When I was a kid, there was a point where we had to go on welfare. My dad had just lost his job. We were dead broke.
Drinking powdered milk was one of my least favorite memories during that time. I’ll never forget the watered down, strange taste it left in my mouth.
My sisters and I wanted real food, and one of the hardest things for my dad to do was to let go of his pride and ask our church for help.… Click to read more
Did you know that buying a new book can release the same endorphins as if you were having sex?
A recent study showed that purchases of material things give momentary highs, while purchases of experiences give more lasting highs.1 But whether they fizzle out quickly or linger longer, both give you the sensation of fleeting bliss.
A similar experience happens any time you’re attempting to make a personal change.
I’ve known people who are addicted to buying books yet they’ve read less than 20% of what’s on their shelves.… Click to read more
There’s been a lot of energy and conversation lately around the topics of lifestyle design and following your passion.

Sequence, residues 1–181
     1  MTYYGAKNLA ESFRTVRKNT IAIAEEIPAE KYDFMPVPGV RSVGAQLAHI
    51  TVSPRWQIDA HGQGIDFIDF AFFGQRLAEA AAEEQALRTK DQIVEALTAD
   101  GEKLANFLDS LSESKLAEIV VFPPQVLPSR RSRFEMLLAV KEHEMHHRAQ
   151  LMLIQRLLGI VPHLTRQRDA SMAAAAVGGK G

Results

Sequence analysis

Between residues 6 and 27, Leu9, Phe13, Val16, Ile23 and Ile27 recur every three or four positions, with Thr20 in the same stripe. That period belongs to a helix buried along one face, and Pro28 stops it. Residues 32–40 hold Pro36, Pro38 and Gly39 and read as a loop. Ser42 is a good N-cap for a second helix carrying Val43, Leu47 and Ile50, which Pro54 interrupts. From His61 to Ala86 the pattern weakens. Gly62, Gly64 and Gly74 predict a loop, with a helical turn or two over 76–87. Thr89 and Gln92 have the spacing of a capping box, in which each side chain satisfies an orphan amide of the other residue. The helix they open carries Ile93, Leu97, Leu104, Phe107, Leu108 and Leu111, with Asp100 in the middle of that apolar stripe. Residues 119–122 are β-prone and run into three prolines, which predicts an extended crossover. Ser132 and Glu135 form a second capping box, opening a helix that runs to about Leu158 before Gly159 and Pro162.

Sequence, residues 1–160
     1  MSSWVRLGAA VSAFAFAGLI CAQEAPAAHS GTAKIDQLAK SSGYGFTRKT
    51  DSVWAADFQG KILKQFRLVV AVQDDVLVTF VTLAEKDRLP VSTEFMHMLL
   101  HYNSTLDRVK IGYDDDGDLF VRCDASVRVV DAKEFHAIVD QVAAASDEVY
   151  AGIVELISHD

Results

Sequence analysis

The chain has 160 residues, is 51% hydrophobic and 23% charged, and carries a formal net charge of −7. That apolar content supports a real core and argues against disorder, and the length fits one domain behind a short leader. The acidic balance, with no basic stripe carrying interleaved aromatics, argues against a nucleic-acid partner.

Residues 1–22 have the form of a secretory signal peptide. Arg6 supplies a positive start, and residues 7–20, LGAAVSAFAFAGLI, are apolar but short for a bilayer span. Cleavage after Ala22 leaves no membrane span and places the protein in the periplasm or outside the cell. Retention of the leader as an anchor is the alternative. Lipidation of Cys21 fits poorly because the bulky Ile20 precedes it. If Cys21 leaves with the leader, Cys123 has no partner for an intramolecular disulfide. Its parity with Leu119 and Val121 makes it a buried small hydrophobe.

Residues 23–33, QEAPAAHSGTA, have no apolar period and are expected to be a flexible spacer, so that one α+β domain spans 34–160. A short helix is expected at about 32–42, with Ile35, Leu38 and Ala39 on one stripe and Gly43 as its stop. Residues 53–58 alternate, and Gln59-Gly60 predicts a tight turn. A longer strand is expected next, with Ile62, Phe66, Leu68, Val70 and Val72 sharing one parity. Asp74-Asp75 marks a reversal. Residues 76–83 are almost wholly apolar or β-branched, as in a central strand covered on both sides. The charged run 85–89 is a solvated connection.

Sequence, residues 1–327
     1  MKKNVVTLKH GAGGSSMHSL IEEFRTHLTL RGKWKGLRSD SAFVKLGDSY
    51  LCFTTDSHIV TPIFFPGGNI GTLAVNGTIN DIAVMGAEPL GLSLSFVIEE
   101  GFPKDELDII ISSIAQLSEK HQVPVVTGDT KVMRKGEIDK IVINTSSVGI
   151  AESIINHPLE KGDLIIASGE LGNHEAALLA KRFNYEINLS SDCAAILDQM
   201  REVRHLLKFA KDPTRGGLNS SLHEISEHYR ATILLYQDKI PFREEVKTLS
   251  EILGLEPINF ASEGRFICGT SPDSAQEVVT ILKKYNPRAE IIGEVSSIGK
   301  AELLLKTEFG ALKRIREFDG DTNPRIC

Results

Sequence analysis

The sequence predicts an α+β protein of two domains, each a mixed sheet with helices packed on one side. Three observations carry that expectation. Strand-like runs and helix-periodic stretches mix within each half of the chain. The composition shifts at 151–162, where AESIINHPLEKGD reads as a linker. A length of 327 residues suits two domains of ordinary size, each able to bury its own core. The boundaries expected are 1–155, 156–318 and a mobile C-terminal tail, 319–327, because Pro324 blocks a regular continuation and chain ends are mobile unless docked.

Some people will tell you that quitting your job and doing what you love is a panacea for all of life’s problems. It’s the cure for what’s ailing the stressed out, overworked, and underengaged human.
The truth is obvious: quitting your job will definitely not solve all of your problems. Just as finding your One True Love, or the One True Religion won’t magically make all of your problems go away either.… Click to read more
Editor’s Note: This is a guest post by Art Decker.
“Getting to know yourself” has become a billion-dollar industry. Self-help books have carved quite a niche out of it. Myers Briggs and countless others reap quite a profit every year from people like me who hope to “find themselves” by plugging some information into a magic formula and then expecting to look over to the other side of the equation to discover who we really are. But is it really that simple?… Click to read more
Your goals might have started out well meaning and inspiring, but somewhere along the way they turned into taskmaster-like tyrants. Running your life, making you feel inadequate; giving you a persistent feeling that there’s always something “more” you could be doing.
So you start to wonder… maybe I don’t really need goals. Maybe goals are the problem. Maybe I just need to accept things the way they are, right now. Then you might think…
Maybe I should kill my goals.… Click to read more